A Hoosier child with several intellectual limitations is not considered disabled and therefore doesn’t qualify to receive benefits from the Social Security Administration, the 7th Circuit Court of Appeals has ruled.
An administrative law judge’s reliance on expert testimony in denying a claim for disability benefits was proper because the claimant suffered from both exertional and nonexertional limits, the 7th Circuit Court of Appeals has ruled.
The federal government filed a brief late Monday to the U.S. Supreme Court arguing Congress has the authority to withhold Supplemental Security Income benefits from U.S. citizens depending on where they live even as President Joe Biden promised to extend those benefits to Puerto Rico.
An administrative law judge did not err in finding that a woman was not entitled to disability benefits despite having “several medical problems,” the 7th Circuit Court of Appeals held Wednesday.
The Indiana Court of Appeals ruled for an insurer Wednesday in a dispute over long-term disability benefits, finding its policy excluded Social Security benefits and affirming an order that the recipient refund monthly payments, with interest, that the insurance company overpaid.
The 7th Circuit Court of Appeals has affirmed an administrative law judge’s decision that a northern Indiana woman is not disabled, finding that any conclusions about her medication’s side effects would be pure speculation.
The Supreme Court agreed Monday to decide whether it is unconstitutional to exclude people living in Puerto Rico from Supplemental Social Security Income.
President Joe Biden on Wednesday revoked a series of presidential orders and memoranda signed by Donald Trump, including one that sought to cut funding from several cities the 45th president deemed “anarchist” havens and another mandating that federal buildings should be designed in a classical aesthetic.
Despite one doctor’s opinion that she was disabled, a woman who was denied disability benefits failed to win her case at the 7th Circuit Court of Appeals.
The United States Supreme Court said Monday it will take up challenges to controversial Trump administration policies affecting family-planning clinics and immigrants, even though the Biden administration has announced it is reviewing them.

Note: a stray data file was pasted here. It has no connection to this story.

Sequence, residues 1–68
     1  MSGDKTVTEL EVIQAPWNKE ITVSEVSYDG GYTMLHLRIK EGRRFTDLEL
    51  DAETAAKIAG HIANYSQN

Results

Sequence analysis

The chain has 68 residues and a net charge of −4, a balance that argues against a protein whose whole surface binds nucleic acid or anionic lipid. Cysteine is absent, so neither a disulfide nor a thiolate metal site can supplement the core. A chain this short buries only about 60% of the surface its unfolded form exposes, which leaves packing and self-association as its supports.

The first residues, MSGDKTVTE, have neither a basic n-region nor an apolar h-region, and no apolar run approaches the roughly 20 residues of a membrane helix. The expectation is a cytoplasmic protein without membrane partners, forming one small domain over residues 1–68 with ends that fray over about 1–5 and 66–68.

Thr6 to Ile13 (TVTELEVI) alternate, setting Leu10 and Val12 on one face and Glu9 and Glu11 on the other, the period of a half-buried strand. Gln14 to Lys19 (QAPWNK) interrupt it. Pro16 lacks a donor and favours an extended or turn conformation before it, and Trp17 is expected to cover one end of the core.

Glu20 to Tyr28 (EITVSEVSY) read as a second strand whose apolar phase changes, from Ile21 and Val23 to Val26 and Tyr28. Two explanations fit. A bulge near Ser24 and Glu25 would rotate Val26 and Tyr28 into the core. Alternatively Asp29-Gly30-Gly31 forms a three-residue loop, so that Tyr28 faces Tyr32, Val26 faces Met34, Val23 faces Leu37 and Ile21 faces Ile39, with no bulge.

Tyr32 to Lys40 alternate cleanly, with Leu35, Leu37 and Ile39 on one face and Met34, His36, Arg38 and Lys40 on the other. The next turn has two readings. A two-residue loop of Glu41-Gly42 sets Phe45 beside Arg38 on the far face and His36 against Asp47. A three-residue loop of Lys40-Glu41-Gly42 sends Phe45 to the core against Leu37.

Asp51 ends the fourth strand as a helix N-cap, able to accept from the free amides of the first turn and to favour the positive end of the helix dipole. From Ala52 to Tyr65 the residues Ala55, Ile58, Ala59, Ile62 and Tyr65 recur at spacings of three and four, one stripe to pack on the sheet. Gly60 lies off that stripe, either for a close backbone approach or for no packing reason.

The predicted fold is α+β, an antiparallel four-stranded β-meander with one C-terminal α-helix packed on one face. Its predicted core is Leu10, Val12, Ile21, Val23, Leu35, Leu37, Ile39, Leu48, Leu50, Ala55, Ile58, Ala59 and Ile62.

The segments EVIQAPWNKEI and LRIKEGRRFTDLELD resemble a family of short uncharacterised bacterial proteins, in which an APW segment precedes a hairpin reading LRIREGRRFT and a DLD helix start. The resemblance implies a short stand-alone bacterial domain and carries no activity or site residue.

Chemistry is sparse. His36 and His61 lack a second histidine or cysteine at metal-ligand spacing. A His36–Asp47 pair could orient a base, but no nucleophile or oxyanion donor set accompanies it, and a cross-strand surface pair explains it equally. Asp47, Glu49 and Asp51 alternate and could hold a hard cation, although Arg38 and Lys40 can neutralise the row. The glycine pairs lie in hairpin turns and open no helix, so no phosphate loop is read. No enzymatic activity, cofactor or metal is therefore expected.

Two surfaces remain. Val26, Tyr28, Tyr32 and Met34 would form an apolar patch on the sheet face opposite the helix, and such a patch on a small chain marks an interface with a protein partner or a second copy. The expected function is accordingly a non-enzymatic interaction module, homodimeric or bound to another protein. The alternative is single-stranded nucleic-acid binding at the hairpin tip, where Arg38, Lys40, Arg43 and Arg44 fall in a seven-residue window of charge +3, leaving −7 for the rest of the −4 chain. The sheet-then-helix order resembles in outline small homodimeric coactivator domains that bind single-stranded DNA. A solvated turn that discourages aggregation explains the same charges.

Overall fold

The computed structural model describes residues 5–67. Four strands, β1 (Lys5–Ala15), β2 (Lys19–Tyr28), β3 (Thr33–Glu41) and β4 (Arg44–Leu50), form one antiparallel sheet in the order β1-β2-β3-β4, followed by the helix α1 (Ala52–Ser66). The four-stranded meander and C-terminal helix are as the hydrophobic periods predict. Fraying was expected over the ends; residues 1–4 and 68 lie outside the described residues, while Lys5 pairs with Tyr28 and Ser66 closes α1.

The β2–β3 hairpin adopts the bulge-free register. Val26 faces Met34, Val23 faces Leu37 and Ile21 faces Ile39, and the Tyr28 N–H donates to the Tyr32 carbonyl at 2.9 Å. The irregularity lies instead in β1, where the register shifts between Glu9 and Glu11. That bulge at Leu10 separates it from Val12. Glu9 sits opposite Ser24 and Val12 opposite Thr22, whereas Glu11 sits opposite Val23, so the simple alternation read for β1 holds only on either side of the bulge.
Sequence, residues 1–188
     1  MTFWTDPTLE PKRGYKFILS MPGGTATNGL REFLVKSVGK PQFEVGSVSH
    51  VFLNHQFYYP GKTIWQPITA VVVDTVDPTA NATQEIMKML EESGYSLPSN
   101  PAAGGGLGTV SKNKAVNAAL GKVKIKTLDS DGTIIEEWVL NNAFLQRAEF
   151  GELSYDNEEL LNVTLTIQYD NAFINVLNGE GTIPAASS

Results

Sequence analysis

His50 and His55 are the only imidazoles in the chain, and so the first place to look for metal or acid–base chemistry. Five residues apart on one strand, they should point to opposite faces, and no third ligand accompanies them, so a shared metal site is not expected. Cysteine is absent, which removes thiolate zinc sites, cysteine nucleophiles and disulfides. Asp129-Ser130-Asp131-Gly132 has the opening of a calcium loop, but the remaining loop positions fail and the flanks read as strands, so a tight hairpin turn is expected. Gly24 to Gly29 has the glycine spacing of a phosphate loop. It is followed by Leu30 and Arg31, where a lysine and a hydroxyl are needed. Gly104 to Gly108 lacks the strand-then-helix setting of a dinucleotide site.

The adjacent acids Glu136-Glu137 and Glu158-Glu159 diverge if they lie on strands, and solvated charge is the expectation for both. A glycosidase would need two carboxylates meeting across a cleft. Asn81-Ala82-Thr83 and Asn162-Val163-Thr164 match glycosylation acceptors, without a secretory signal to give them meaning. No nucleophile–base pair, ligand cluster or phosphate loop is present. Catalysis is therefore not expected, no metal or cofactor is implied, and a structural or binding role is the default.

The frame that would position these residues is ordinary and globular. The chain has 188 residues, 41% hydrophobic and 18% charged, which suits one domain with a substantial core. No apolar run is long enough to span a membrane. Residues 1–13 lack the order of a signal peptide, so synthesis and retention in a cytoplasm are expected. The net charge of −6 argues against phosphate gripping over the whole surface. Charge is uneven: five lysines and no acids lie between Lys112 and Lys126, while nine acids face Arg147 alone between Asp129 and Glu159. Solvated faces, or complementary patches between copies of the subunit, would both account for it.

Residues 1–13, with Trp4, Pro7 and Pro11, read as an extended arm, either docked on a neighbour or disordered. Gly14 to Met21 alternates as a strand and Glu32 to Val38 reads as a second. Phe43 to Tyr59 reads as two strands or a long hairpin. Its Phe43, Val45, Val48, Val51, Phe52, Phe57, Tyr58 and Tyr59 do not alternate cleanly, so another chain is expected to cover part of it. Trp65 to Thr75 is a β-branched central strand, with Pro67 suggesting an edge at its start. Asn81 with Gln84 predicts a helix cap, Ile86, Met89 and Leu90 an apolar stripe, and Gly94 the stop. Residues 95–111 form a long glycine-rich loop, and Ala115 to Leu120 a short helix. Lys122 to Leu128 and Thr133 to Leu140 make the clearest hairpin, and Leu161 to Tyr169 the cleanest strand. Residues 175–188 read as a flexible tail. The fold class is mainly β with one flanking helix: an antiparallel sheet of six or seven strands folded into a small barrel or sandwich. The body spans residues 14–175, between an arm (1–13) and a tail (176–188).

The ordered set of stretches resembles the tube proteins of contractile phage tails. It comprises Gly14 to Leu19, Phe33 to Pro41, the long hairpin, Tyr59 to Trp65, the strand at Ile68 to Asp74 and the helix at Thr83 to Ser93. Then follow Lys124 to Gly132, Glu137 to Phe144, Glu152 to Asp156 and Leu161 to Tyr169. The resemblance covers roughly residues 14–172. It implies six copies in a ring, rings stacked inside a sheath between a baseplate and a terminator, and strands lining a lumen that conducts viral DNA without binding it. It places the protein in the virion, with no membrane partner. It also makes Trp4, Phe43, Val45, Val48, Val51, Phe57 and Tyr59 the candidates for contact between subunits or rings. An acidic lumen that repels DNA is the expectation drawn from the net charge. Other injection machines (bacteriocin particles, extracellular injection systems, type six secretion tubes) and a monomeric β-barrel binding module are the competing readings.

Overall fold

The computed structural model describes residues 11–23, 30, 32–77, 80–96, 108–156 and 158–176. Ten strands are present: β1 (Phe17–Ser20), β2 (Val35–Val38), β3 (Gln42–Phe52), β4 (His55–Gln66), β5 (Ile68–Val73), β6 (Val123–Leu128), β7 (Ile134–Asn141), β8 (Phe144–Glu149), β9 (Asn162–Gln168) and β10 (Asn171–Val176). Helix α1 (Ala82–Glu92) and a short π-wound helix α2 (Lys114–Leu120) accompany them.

Indiana’s appellate courts are set to hear arguments next week in a case related to medical malpractice and one dealing with disability issues arising under Kentucky law.
A woman twice denied disability benefits despite evidence of serious mental disabilities causing limitations on her ability to work will get a third chance to make her case for benefits.
The 7th Circuit Court of Appeals has affirmed a ruling that a woman fired from her job after a spinal injury was not a qualified individual under the Americans with Disabilities Act.
A federal judge in Chicago struck down a key immigration rule Monday that would deny green cards to immigrants who use food stamps or other public benefits, a blow to the Trump administration on the eve of the election.
Justice Amy Coney Barrett is expected to join her Supreme Court colleagues on Monday to hear arguments for the first time. Participating in oral arguments will be among the first things Barrett, a former University of Notre Dame law professor, will do after being confirmed last week in a 52-48 virtual party-line vote.
To aid in the distinction between employees and contractors, the Department of Labor has proposed a new “economic realities” test. Already there’s a test in place, but the new proposal reduces the factors to be considered and assigns weight to those factors.
A man with chronic neck and back pain who was denied disability benefits will receive a new hearing, the 7th Circuit Court of Appeals ruled in a Friday remand. The appellate court found a vocational expert’s testimony regarding potential job options was “entirely unilluminating.”
Despite increasing obesity among Americans, employers have not seen a corresponding rise in workplace discrimination complaints. But attorneys suspect workers are opting not to sue because such cases may be difficult to prove.
The United States government has been ordered to pay nearly $900,000 to a disabled truck driver who suffered brain and spinal injuries after a fall at an Indiana post office.